In a blow to one of Pakistan’s most ambitious energy projects in the disputed territory with India, the Asian Development Bank (ADB) has refused to fund the $14 billion Daimer-Bhasha Dam on the Indus. Two years ago the World Bank too had declined to fund the project following Islamabad's refusal to seek an NoC from India.
According to a report in Dawn, the ADB called for government reforms which would aid private investment, essentially meaning go look for fund elsewhere, for the dam Pakistan is planning in Gilgit-Baltistan district in Pakistan Occupied Kashmir.
The 1960 Indus Water Treaty gave rights over the Sutlej, Ravi and Beas rivers to India and the Jhelum, Chenab and Indus -- where the Diamer Bhasha dam is planned -- to Pakistan. It also prohibits India from storing water or diverting flows to deprive Pakistan.
“We did not really make any commitment. This is a very big project,” ADB president Takehiko Nakao is quoted as saying.
Nakao was addressing the press along with Finance Minister Ishaq Dar at the end of the 15th ministerial meeting of the Central Asia Regional Economic Cooperation (CAREC) programme.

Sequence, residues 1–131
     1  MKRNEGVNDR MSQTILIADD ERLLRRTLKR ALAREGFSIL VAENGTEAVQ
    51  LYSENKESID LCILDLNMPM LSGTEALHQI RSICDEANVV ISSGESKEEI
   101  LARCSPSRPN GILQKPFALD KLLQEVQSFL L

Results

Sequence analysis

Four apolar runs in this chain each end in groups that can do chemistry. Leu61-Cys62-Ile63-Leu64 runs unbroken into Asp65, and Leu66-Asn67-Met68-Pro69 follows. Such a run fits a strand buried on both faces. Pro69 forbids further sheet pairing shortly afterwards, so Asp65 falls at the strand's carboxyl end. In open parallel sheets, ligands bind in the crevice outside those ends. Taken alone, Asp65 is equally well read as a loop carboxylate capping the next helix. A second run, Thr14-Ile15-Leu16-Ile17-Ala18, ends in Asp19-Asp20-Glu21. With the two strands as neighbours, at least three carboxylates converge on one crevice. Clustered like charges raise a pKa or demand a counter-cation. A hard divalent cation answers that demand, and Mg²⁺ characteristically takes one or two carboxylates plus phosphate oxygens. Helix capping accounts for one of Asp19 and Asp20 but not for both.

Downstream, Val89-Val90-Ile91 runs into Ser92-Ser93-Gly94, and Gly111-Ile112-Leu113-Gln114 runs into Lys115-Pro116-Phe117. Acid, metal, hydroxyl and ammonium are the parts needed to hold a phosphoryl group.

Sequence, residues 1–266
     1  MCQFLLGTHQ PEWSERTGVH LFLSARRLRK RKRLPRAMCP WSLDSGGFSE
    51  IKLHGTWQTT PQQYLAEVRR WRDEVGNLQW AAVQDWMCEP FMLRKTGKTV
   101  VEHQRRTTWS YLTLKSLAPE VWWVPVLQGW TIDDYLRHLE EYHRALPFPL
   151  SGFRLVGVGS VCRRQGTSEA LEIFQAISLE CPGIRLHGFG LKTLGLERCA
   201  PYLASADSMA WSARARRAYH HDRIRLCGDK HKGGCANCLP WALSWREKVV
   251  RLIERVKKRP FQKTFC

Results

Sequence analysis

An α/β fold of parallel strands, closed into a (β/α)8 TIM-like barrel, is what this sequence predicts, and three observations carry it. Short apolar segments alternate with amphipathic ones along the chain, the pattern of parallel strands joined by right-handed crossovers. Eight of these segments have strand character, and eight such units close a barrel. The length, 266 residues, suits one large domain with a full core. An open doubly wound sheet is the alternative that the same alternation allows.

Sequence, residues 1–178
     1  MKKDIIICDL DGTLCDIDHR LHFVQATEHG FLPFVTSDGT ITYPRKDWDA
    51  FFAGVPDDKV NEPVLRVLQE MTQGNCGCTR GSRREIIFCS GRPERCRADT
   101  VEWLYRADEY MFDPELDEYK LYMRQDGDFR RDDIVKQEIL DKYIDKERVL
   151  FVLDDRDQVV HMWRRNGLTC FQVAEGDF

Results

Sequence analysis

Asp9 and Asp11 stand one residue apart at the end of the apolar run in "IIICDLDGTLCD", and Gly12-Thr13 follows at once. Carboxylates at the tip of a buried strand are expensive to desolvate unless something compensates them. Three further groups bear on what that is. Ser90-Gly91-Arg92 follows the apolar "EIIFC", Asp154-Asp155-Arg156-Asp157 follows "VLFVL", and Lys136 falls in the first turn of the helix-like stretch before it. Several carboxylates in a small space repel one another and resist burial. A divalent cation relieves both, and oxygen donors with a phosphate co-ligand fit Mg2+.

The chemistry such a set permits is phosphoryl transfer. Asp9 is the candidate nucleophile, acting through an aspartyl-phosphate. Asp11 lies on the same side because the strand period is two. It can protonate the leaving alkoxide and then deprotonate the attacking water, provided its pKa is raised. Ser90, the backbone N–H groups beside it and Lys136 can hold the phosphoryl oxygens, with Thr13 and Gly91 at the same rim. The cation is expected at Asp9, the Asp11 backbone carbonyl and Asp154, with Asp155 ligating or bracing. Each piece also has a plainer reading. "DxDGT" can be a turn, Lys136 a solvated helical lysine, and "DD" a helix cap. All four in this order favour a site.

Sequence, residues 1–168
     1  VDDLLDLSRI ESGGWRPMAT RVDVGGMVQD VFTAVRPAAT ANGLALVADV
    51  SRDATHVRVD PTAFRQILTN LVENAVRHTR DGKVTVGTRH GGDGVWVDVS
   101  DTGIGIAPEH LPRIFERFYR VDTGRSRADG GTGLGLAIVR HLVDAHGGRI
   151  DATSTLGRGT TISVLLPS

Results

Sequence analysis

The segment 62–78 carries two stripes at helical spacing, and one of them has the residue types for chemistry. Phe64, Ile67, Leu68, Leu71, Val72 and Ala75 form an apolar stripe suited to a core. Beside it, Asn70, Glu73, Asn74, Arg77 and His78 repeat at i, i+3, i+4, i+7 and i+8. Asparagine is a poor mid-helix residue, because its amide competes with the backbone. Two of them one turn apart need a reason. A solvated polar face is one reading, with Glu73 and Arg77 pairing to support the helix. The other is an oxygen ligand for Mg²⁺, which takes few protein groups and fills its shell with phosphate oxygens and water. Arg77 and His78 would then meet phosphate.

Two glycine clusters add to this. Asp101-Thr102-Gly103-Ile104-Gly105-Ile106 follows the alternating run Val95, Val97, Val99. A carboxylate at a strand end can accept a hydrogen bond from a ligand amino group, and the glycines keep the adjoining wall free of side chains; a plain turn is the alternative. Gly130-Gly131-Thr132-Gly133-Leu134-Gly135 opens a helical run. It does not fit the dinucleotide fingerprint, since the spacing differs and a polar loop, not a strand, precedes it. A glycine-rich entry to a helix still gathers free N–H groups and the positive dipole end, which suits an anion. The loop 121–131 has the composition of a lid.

Nakao said the United States Agency for International Development (USAID) was conducting a feasibility test on the project. He added that while the project was important for the country, it needed to cultivate more partnerships to provide funding for the project which was too expensive to be completed by a single source of funds.
The Dam project has been facing hurdles in the past since former PM Yusuf Raza Gilani laid the foundation stone in October 2011. The project had started facing reprisals a year later in August when several sponsors backed out citing that the territory was disputed and asked for an NoC from India.
In August 2013 however, Pakistan’s FM Dar said that the NoC roadblock had been cleared and that the Aga Khan foundation and the ADB had agreed to be financiers for the project.
While the US and China have promised to help Pakistan court private investors for the dam, they’ve resisted putting up the cash themselves.
Beijing’s leaders kept away from a project in a disputed area that has triggered three wars between Pakistan and India, where tensions over shared waters are rising, reported Bloomberg earlier.
This latest development though has put a spanner in the works of what is proposed to be the largest RCC dam in the world.
Nakao highlighted the indecision, saying, “We haven’t decided [whether to fund] this project yet because it needs big money.” The ADB has however said that it would consider joining the project later.
Pakistan is said to have seen the ADB as the chief financier of the dam, which is proposed to have a six million acre feet capacity and a power output of 4,500MW that could be a gamechanger for Pakistan’s energy sector.